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Heads up: William Blake in Melbourne this April

William Blake English 1757–1827 Dante running from the Three Beasts illustration to The Divine Comedy by Dante Alighieri (Inferno I, 1-90), 1824–1827 pen and ink and watercolour over pencil Butlin, 812.1; Butlin & Gott, 3 37.0 x 52.8 cm (sheet) National Gallery of Victoria, Melbourne Felton Bequest, 1920

William Blake
English 1757–1827
Dante running from the Three Beasts
illustration to The Divine Comedy by Dante Alighieri (Inferno I, 1-90), 1824–1827 pen and ink and watercolour over pencil
Butlin, 812.1; Butlin & Gott, 3
37.0 x 52.8 cm (sheet)
National Gallery of Victoria, Melbourne
Felton Bequest, 1920

One of the hidden treasures of the National Gallery of Victoria is its collection of William Blake watercolours, drawings and engravings. They have not been seen for 15 years, but this April 100 of them will be exhibited.

Especially rich in the representation of the artist’s late years, the NGV Collection boasts 36 of the 102 watercolours illustrating Dante’s Divine Comedy, the largest number of works from this celebrated series held by any gallery in the world.

An artist and poet of outstanding originality, Blake used drawing and print media to express his own visionary universe, as well as those of authors such as Dante and Milton. His radiant watercolours and printed illustrations remain some of the most inspired and innovative images of the Romantic era and assured his status as a seminal figure of the period.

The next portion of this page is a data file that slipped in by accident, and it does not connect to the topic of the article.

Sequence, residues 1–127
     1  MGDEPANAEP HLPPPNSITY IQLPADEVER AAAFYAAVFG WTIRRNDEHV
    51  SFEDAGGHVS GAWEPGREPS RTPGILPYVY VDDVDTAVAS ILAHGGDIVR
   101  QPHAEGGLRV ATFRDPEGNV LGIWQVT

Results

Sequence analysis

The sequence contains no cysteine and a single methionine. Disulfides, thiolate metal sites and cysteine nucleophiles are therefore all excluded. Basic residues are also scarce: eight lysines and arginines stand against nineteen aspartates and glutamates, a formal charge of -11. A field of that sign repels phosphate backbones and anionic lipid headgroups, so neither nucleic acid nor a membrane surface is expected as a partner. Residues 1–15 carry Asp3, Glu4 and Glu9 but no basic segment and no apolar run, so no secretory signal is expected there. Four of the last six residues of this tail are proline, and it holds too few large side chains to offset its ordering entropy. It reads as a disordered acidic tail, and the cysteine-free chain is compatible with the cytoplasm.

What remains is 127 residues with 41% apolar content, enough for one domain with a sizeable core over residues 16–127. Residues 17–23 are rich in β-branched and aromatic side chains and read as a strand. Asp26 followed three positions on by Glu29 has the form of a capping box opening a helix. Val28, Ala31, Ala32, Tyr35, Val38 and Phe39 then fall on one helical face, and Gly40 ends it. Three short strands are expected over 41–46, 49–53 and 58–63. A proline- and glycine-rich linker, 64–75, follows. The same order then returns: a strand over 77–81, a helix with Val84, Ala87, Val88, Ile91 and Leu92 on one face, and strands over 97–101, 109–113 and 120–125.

These works are regarded as one of the NGV’s greatest treasures and they were purchased in 1918 through the Felton Bequest. These were supplemented with a further 27 key works by the artist from the famous Linnell sale in London.

The exhibition will include early works by the artist as well as works dating from the last years of his life. Blake’s early career is represented through a selection of his reproductive engravings, as well as a beautiful copy of one of his earliest illuminated books of his own poetry, The Songs of Innocence of 1789. This book, together with his Prophetic Books of the 1790s and early 1800s, exemplify the uniquely original system for printing Blake devised for the production of his illustrated books of poetry.

Also included will be two print series executed by the artist in his late years, both of which are startlingly original in the handling of their respective media. Blake’s wood-engravings illustrating Thornton’s publication of Virgil’s poetry (1821) brilliantly capture the variously pastoral or melancholy moods of the text in images bursting with intensity and a freedom previously unknown in this medium. The Book of Job cycle of engravings (1823–26) presents Blake’s personal and multi-layered interpretation of the Biblical narrative in images of great beauty and unconventionality.

The exhibition opens on 4 April and runs until 31 August.

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One thought on “Heads up: William Blake in Melbourne this April

  1. Pingback: William Blake poems set to music | Dear Kitty. Some blog

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